With all that criticism above I do want to honor the idea of thanks and the harvest. Here is an incomplete list of things that I’m thankful for:
- My overall mental and physical health
- My partner who continues to enrich my life in ways I couldn’t imagine
- A secure job and housing
- The health of my loved ones
- The help I’ve received from my therapist
- My dentist
- Modern medication
- The continued strengthening of my relationship with my parents and siblings
- Poncho the Cat and The Higgins
- Coffee and other drugs
- Financial security
- Those who challenged me and mentored me in the past
- My many friends around the world who accept me for who I am but don’t let me use that as an excuse for bad behavior
Whew, now on to the readings today that sparked some thought and reflection.
“Daily Affirmations for Forgiving and Moving On” – The quote from the end of today’s reflection is just sitting with me a little and I wanted to share.
Only in a house where one has learnt to be lonely, does one have this solicitation for things. One’s relation to them, the daily seeing or touching, begins to become love and to lay open to pain. – Elizabeth Bowen
“A Year with Rumi” – It has been a while since I quoted Rumi in this blog. Like I said before, I don’t really connect with his writing very easily. Today, things were a little different. “The Guest House” is probably one of his most famous poems but I think it is worth sharing again and reflecting on a bit.
This being human is a guest house.
Every morning a new arrival.
A joy, a depression, a meanness,
some momentary awareness comes
as an unexpected visitor.
Welcome and entertain them all.
Even if they are a crowd of sorrows,
who violently sweep your house
empty of its furniture,
still, treat each guest honorably.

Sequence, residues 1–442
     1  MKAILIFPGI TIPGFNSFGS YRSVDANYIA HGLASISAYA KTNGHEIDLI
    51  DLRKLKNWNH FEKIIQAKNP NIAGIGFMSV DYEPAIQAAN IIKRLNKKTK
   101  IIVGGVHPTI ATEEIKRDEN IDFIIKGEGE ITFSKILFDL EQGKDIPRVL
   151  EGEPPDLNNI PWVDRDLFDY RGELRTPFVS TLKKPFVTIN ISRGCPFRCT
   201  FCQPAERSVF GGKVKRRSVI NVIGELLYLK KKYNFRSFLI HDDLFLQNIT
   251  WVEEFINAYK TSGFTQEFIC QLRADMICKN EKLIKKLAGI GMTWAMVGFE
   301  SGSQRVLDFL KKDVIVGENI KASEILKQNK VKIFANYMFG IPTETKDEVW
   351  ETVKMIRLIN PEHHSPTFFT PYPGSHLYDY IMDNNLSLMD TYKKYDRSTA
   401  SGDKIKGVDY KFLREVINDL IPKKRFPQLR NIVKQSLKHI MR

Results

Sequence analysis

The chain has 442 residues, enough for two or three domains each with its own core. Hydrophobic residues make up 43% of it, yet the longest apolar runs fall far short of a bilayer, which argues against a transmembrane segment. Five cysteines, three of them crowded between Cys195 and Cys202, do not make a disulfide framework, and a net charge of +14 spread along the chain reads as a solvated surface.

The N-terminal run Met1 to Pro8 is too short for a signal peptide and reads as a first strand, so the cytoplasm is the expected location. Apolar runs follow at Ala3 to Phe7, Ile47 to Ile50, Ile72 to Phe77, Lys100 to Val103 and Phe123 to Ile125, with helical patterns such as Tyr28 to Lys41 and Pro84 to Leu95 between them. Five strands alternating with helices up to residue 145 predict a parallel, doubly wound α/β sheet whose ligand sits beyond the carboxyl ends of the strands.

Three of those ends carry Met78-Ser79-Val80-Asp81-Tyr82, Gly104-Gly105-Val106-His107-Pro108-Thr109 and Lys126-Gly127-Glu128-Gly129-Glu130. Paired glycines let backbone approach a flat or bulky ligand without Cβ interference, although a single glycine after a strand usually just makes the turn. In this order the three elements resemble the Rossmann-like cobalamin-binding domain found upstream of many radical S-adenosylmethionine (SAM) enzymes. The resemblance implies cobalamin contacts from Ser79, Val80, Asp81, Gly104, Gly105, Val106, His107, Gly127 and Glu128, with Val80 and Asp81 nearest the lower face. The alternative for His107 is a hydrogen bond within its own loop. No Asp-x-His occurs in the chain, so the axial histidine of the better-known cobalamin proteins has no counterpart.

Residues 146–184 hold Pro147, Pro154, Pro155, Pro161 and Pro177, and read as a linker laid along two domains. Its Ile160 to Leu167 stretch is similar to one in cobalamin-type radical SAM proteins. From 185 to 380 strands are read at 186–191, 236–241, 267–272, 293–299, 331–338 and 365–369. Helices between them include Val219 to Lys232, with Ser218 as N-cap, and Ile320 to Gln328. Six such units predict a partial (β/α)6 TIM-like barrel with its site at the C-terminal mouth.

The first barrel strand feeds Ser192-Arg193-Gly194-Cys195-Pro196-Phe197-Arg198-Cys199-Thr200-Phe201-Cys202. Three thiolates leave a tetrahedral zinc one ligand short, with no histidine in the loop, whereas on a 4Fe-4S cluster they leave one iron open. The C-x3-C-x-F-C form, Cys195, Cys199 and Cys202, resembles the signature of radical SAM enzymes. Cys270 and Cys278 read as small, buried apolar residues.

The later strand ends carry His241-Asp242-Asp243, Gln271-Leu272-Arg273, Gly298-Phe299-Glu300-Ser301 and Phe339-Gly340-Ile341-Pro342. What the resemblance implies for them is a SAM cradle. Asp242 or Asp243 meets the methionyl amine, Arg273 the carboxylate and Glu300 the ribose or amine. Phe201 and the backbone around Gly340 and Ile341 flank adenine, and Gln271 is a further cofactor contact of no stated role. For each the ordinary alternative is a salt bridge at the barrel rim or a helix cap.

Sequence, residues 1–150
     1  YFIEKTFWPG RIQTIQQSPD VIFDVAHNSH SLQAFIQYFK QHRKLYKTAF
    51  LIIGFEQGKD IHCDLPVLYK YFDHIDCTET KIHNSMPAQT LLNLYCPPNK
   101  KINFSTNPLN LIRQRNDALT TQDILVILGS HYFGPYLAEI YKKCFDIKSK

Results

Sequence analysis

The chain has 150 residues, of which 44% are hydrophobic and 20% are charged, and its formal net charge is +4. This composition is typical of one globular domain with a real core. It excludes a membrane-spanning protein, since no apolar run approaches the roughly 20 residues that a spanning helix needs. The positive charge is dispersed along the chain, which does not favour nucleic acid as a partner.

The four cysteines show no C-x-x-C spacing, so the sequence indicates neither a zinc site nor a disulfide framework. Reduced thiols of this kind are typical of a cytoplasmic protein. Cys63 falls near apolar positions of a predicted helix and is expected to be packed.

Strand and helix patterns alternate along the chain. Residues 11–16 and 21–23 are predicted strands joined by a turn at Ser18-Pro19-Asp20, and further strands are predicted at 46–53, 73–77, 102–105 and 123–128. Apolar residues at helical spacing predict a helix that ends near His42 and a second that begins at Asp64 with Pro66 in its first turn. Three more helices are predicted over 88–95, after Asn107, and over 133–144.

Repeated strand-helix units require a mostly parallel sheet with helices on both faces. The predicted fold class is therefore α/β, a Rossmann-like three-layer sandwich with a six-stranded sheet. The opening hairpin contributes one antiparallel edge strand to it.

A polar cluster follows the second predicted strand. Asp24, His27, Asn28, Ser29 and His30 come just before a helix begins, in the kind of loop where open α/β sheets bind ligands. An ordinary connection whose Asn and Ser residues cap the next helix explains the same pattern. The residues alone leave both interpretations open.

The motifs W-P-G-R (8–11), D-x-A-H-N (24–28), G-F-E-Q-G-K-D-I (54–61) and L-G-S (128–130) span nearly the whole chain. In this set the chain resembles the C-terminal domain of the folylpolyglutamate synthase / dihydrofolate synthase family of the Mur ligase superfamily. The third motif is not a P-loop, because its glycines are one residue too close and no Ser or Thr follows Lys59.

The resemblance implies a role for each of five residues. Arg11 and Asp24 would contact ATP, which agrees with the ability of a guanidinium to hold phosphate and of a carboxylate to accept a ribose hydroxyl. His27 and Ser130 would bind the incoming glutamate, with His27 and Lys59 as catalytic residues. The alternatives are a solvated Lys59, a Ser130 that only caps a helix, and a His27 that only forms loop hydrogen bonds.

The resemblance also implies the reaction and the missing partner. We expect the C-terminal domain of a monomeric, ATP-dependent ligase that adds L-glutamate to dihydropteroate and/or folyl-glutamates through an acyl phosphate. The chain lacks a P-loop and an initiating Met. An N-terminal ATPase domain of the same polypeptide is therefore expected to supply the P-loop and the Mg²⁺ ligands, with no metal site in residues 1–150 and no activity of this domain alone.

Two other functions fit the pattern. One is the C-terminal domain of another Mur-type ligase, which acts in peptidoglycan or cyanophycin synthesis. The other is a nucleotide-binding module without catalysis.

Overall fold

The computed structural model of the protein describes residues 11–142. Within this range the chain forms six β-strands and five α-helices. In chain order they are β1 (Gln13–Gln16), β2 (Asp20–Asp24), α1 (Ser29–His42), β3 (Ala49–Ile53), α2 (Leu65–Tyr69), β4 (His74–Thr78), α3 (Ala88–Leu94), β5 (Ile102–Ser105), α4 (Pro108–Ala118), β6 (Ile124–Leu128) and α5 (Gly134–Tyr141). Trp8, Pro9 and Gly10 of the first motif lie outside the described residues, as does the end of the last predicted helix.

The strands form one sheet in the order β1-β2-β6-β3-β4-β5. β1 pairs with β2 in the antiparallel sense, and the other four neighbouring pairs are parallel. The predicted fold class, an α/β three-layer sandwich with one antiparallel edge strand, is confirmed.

He may be clearing you out
for some new delight.
The dark thought, the shame, the malice
meet them at the door laughing,
and invite them in.
Be grateful for whoever comes,
because each has been sent as a guide from beyond.
It is so easy and natural to try and embrace positive emotions and suppress negative emotions. We welcome in joy, happiness, and love, but ignore or push down sorrow, disappointment, and hate. I don’t think we should necessarily act on these negative emotions but we can’t pretend they don’t exist. They are a result of some disruption of our psychological homeostasis, they need to be observed and, in a way, honored. They are a messenger and message, they are not the root of any problems.
We all have a darkness in us. That is one of the major lessons I got from one of my very few LSD experiences. I have a darkness, I am not a being of light or goodness, I am a mixture and I (like you) are closer to committing “evil” acts than is comfortable to admit. But we must admit this, we must observe and respect our darkness, if we don’t then it will grow powerful and toxic. Problems don’t go away by turning your back on them, that only guarantees that you won’t see them coming when they want to stab you.
“The War of Art” – The Muses are among us whispering inspiration into our minds. Are you listening? I’m usually not… But they keep trying and they are rooting for me. The blocks that come up are my own creation, not theirs. They live on a different plane of existence, they do not grow tired or impatient, but someday I will die and be beyond their reach. I honor them for their divine nature and pray to them, sustain me for my song. I don’t need sparks of inspiration, I need the strength to endure the time and hardships that are required for me to do my Work.
That’s all for today (maybe). I hope you all have a wonderful day that gives you a bit of what you need, whether that is time with your family eating or time alone or just a normal day. I love you.
Feel free to reach out at any of the ways below while I take a Facebook break!
Email address: firstname.lastname@example.org
Questions: pneiger.sarahah.com or www.surveymonkey.com/r/XYRDXHH
Also, I wrote a book about a cross-country bicycle ride I did!
“Wandering Oak: A Rite of Passage”